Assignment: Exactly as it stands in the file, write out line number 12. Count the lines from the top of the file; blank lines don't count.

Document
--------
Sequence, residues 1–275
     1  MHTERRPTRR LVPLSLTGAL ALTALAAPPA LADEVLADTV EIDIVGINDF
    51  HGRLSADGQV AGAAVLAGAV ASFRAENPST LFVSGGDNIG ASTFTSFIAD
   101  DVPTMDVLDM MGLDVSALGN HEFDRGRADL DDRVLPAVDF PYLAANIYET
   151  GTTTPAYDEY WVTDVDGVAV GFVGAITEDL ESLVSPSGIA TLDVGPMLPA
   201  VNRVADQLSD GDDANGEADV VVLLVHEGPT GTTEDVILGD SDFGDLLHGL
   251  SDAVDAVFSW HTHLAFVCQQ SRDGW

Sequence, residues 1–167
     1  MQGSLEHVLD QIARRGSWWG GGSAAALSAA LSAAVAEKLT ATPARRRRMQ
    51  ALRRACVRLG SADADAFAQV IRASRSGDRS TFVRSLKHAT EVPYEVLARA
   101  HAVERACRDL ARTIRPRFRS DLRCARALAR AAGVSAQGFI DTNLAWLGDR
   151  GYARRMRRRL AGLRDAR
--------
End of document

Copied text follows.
   151  GYARRMRRRL AGLRDAR